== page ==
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Education Reform Package Faces Criticism

Education Reform Package Faces Criticism
Lawmakers concerned about decrease in education spending

The K-12 education reform package — the subject of intense negotiations on Capitol Hill — is beginning to draw concern from a variety of education advocates, including African American lawmakers.
As House and Senate members move toward a final package, some advocates have concerns that the final bill will not include the money required to meet key challenges and mandates, particularly at a time when the U.S. economy is in a recession.
“The rhetoric of ‘no child left behind’ has been adopted by the mainstream. But rhetoric without funding is meaningless,” says the National Caucus of Black State Legislators, which issued its own education reform blueprint in late November.
Among other objectives, the Black lawmakers are critical of school vouchers and charter schools, and wary of high-stakes testing — a major ingredient of the White House K-12 reform plan. The caucus’ report also wants action to reduce class sizes, something most Republicans object to as a mandate on the federal level.
The report comes as other lawmakers express growing concern about the ability to fully fund education. “Greater federal investment in the nation’s schools is an indispensable part of education reform,” says Sen. Edward M.  Kennedy, D-Mass., one of several lawmakers responding to recent reports showing declines in education spending nationwide.
Largely because of the declining U.S. economy, 47 states have cut more than $10 billion from their 2002 education budgets, House and Senate Democratic leaders say.
It is in this context that senior lawmakers in Congress are trying to wrap up a major K-12 reform bill, rewriting the Elementary and Secondary Education Act. Already, negotiators have made progress on some issues, agreeing to scale back the number of federal K-12 programs and promoting more flexibility among states.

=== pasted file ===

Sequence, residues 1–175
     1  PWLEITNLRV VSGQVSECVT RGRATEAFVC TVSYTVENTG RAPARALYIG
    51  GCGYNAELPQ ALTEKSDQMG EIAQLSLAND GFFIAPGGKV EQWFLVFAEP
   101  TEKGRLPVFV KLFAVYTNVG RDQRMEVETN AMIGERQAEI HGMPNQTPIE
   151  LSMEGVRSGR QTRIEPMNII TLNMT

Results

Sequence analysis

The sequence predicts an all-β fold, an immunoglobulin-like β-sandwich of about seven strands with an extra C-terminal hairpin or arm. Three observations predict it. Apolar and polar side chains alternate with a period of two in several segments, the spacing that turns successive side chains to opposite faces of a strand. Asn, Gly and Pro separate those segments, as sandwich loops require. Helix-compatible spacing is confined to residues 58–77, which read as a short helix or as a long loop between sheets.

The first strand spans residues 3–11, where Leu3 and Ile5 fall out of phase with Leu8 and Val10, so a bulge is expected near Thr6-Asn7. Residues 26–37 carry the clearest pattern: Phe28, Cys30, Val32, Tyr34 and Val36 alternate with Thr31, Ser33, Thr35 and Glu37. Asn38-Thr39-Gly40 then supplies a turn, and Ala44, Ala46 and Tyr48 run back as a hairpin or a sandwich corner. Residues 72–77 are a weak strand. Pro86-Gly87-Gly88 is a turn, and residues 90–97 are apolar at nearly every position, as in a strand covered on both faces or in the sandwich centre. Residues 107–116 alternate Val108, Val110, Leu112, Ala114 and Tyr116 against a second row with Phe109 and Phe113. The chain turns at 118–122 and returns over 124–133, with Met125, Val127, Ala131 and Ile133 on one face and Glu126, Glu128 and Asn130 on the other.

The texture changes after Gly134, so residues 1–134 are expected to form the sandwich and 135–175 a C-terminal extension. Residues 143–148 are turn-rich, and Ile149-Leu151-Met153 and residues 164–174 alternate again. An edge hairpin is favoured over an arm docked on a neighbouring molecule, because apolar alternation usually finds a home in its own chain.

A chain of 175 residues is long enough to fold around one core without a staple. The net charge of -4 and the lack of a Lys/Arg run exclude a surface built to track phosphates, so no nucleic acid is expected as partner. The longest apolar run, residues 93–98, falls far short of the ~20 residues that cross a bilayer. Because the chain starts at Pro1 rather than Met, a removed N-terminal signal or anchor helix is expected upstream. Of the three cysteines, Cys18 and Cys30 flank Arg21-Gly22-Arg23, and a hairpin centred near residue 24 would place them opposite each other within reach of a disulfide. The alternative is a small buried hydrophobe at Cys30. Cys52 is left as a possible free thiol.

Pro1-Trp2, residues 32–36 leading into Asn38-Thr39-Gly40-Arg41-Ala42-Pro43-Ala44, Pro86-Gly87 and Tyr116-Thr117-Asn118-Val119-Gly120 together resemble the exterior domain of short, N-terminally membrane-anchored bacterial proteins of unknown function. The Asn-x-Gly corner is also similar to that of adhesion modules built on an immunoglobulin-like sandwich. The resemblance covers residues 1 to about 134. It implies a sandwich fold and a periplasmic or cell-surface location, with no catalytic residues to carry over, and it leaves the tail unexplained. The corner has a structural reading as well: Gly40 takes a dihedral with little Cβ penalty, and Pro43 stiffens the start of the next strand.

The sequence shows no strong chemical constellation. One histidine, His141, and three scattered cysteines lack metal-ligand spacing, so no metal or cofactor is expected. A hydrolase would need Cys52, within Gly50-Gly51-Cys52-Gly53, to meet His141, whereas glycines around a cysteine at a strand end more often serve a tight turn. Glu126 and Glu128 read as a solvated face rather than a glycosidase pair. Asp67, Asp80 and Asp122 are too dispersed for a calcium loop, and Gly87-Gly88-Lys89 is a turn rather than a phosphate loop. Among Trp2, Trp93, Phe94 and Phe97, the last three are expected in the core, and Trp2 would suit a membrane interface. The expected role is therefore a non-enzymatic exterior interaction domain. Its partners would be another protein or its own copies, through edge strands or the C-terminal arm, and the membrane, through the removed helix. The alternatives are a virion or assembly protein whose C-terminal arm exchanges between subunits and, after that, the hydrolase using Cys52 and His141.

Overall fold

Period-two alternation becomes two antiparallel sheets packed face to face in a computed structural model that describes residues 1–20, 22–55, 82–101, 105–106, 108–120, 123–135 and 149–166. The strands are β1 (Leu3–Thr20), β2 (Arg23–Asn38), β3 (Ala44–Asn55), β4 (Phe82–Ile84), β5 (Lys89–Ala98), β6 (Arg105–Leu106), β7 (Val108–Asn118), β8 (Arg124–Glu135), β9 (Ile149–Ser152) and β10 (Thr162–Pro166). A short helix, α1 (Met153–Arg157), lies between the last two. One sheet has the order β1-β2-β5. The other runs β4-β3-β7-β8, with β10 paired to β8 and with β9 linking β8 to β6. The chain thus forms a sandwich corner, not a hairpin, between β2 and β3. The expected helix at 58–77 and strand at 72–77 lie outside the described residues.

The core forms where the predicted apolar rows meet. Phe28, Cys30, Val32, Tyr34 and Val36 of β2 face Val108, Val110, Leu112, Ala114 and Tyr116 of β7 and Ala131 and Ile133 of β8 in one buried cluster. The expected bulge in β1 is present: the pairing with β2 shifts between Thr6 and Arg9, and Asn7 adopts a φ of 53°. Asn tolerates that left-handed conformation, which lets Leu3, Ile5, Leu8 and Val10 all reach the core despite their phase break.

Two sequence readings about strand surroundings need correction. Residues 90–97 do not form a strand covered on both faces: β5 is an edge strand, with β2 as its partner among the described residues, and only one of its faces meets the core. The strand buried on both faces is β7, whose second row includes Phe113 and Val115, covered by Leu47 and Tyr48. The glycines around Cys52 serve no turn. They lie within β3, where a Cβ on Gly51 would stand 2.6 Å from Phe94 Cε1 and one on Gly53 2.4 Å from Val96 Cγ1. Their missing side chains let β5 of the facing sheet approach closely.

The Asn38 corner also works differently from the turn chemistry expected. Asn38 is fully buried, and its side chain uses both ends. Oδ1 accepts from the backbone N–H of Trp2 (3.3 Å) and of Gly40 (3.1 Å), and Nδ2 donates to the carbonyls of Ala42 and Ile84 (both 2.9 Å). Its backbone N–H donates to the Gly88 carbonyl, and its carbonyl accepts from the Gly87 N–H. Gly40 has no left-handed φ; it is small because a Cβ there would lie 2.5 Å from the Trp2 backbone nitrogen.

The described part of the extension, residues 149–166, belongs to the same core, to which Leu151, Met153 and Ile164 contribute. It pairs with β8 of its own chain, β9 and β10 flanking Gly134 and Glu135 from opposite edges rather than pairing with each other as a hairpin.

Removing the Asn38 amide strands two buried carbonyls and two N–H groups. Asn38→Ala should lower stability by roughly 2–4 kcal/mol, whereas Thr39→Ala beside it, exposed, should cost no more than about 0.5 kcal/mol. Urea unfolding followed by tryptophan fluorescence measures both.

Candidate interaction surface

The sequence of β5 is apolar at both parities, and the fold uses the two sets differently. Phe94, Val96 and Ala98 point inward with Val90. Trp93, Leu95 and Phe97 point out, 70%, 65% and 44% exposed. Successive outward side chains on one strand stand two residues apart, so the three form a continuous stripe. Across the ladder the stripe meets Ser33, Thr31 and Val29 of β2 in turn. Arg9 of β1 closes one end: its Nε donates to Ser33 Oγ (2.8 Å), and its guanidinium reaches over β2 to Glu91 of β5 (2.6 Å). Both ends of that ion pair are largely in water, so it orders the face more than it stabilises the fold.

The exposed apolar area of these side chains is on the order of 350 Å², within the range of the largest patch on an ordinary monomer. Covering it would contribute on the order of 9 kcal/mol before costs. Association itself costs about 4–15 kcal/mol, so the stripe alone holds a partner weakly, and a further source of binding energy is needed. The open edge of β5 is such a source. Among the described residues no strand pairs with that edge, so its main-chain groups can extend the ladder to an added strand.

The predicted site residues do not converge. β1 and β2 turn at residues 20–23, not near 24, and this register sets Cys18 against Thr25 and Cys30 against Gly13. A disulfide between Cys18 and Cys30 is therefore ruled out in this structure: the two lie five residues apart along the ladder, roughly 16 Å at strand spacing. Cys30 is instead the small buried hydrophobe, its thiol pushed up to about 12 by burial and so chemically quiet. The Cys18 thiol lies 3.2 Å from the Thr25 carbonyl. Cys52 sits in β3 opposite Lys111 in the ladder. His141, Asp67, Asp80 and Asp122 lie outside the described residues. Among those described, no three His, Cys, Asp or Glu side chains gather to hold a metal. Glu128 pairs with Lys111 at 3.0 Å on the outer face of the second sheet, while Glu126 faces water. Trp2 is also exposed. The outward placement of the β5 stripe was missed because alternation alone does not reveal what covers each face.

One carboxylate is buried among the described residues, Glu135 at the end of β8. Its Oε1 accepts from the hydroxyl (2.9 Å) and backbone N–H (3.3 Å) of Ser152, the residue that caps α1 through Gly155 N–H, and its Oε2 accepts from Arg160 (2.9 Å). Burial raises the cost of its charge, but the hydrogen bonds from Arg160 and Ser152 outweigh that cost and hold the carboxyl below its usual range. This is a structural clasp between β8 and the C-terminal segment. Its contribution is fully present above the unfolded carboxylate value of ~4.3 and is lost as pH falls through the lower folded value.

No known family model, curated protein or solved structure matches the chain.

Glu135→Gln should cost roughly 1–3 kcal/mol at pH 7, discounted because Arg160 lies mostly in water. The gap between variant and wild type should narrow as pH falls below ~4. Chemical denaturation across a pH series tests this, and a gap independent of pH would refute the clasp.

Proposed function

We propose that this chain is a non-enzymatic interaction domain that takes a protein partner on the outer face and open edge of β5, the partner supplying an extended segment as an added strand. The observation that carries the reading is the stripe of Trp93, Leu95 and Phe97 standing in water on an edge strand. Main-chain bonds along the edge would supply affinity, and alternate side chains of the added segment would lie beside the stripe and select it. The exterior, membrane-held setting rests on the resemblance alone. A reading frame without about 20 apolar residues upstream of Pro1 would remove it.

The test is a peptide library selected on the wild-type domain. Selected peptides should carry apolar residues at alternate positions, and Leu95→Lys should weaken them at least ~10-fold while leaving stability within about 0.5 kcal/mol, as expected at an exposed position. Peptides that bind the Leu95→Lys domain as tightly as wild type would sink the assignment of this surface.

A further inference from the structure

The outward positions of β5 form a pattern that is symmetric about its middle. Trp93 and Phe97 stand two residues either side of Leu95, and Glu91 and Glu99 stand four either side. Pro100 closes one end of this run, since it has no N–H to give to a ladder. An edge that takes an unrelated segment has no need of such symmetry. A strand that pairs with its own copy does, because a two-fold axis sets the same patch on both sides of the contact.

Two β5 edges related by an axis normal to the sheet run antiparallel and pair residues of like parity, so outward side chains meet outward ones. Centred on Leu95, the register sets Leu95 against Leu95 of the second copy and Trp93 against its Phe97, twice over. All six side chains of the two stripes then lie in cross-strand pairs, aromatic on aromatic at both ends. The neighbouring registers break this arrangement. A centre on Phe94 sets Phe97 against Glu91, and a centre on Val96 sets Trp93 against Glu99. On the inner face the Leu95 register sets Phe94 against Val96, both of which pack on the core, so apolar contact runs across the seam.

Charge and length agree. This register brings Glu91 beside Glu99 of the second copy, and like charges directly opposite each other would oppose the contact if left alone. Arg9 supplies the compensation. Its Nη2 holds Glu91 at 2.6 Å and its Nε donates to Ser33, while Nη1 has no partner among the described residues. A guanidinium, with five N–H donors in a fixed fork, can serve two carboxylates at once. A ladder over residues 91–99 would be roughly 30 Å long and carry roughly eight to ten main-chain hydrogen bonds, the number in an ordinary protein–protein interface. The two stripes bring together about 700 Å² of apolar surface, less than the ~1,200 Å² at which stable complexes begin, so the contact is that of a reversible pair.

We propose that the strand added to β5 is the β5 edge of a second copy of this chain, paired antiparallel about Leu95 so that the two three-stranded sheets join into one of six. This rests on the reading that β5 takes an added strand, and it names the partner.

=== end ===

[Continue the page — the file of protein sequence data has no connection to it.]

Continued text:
Based on President Bush’s recommendations, the bill also will call for mandatory annual testing of students in grades third through eighth, with low-performing schools facing possible sanctions. States would get some additional funds to conduct these assessments.
Aside from funding concerns, however, the bill also faces opposition from some mainstream national organizations. The American Association of School Administrators recently charged that the reform plans would bring “overreaching federal control” to education, particularly in evaluating school progress and setting teacher qualifications.
Administrators also are concerned that, under the plan, the federal government would not provide full funding of educational initiatives for disabled children despite federal mandates on services to these children. AASA “regrets to report that we will not support” a final agreement on the K-12 bill.
Most analysts still expect House and Senate negotiators to reach a final agreement on a reform plan, perhaps before the year’s end. As currently written, the plan largely avoids the thorny issue of school vouchers, which was in an earlier Bush administration reform proposal. 

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